So what might all of this say to us about some of the issues we face today? Number One: we are called to live under the shadow (and also the protection) of the Cross. The first calling of the Church is not to govern and expand but to serve and, if necessary, to suffer. The centre of Mission (as David Bosch put it) is “the good news of God’s love, incarnated in the witness of a community, for the sake of the world”7David Bosch, “Transforming Mission”, Orbis Books, 1991. We can be an Easter People – and “Alleluia” can be our song – but only if we see Resurrection through the lens of the Cross.

Worldwide that means compassion – not a sentimental concern but a “suffering with” – those parts of the world at the blunt end of its pain and injustice. The people of Pakistan; those suffering from religious persecution and gender discrimination, and those who live in daily fear of the Taliban, not least in the Diocese of Peshawar. The people of the Pacific, and Bangladesh, as rising sea levels threaten. The people of Zimbabwe, where life can be difficult now, but whatever will happen when Mugabe finally goes? And of course here in Europe those joining the flow of Refugees from the Middle East and North Africa, where this Society, together with the Diocese of Europe, is doing so much.

The lost prophetic voice

And what about our own Church of England? The death earlier this year of David Jenkins, Bishop of Durham during the Thatcher years and the Miners’ Strike, has reminded us that while our church leaders today may say some politely critical things about poverty and community, we have lost the prophetic voice which dared to identify with the power–less, and confront injustice and structural evil head–on. We give priority less and less to the kind of places highlighted by the “Faith and the City”8“Faith in the City – A Call for Action by Church and Nation”. The Report of the Archbishop of Canterbury’s Commission on Urban Priority Areas Church House Publishing 1985. Now available as a download at: https://www.churchofengland.org/media/55076/faithinthecity.pdf report thirty years ago , and we’re now much keener on the kind of places where there will be church growth.

Martyn Percy, Dean of Christ Church, Oxford, says that General Synod’s current “Reform and Renewal” programme is not good mission nor good Anglicanism: people will not be won over “by increasingly organisational, theologically narrow and voguish sectarian expressions of faith”. We need to be “a broad church – capacious and generous”. Anglicans, he says, are not narrow people9Martyn Percy “On Not Rearranging the Deckchairs on the Titanic: A Commentary on Reform and Renewal in the Church of England” http://modernchurch.org.uk/downloads/finish/818-articles/768-on-not-rearranging-the-deckchairs-on-the-titanic.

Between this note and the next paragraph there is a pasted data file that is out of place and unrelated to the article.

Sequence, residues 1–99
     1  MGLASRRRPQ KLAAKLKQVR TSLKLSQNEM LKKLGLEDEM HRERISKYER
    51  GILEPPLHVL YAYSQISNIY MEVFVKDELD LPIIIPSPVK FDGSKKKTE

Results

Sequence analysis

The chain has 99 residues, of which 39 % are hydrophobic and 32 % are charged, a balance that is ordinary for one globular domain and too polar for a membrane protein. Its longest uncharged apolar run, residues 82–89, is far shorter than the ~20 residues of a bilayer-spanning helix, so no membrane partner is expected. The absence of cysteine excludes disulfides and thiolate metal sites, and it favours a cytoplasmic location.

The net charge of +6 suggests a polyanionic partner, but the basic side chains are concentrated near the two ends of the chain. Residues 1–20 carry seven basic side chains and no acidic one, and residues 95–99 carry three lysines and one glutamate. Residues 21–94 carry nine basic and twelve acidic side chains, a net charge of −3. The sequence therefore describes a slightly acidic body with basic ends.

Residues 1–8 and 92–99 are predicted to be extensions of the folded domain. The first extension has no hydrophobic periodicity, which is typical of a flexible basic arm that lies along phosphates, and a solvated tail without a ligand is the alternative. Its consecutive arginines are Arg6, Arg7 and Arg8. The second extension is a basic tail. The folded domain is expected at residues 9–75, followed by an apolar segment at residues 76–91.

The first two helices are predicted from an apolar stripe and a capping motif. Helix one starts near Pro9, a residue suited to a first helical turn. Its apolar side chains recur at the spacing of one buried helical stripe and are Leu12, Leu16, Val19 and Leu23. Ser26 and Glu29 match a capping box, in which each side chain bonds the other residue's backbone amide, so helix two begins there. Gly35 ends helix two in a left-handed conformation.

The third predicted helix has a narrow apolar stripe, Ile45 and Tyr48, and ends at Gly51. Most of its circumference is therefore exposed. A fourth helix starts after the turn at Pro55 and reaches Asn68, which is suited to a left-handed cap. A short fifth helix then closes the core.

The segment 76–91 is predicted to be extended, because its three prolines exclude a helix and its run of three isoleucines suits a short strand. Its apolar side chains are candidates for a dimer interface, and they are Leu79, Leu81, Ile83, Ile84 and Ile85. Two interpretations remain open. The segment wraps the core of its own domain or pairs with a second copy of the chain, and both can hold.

I dare to suggest that Anglicanism (although not exclusively of course) at its best portrays something of what it means to follow Christ Crucified: seeking to serve rather than demand, to be open, to be an inclusive Church. And it is in this Church of England, and in the wider Anglican Communion, that mission agencies must find their place.

Earlier on I was critical, you may think unfairly, of much missionary activity in the 19th and early 20th century. That all began to change in the 1960s. And the irony is that just as the mission agencies were returning to what might be seen as a more Gospel–focussed understanding of mission and partnership, based not least on the Cross, the world around was changing in the other direction.

The world has changed

First, domestically, just as we were realising that mission must now be rooted in self–determination and partnership, recognising what the Anglican Congress in Toronto in 1963 called our “mutual responsibility and interdependence in the Body of Christ”10The Toronto Anglican Congress, 1963 http://anglicanhistory.org/canada/toronto_mutual1963.html, the climate here was changing and we started moving back from partnership to sponsorship, from global belonging to selective relationships (often chosen by the more powerful party), returning to what might be seen as a more 19th century understanding of charity with not a little touch of the old imperialisms.

The other aspect of what began to happen in the 1960s is more controversial, but I dare to finish with it. Just as the Western Church was shedding its imperial history, some of the newly independent churches of the Communion began to flex their own muscle, for good, and also for bad. And so we find ourselves today with the power politics within our Anglican Communion, with different parts trying to tell, even compel, other parts to do what they want11A deeper analysis of these issues can be found in “Saving Power – the Mission of God and the Anglican Communion”, Michael Doe, SPCK 2011.

There are strong feelings on all sides. For many of us in USPG today, the full inclusion of all God’s people – black and white, male and female, gay and straight – is a natural, inescapable consequence of the love of God which we see poured out on the Cross. At the same time we cannot be blind to the fact that some of these issues can make life difficult for some of our sisters and brothers in parts of the world where they already suffer a great deal. But what we cannot do, and what we cannot let others parts of the Communion do, is to wield power in such a way that we are imitating the power struggles of the world rather than the pattern of the Cross.

We need to focus again on the God who shows us in Christ, and most of all on the Cross, that the greatest power is the power of love. We seek that forgiving, accepting love within ourselves, but it also needs to guide and direct the way we live together, in the Church, and in the World.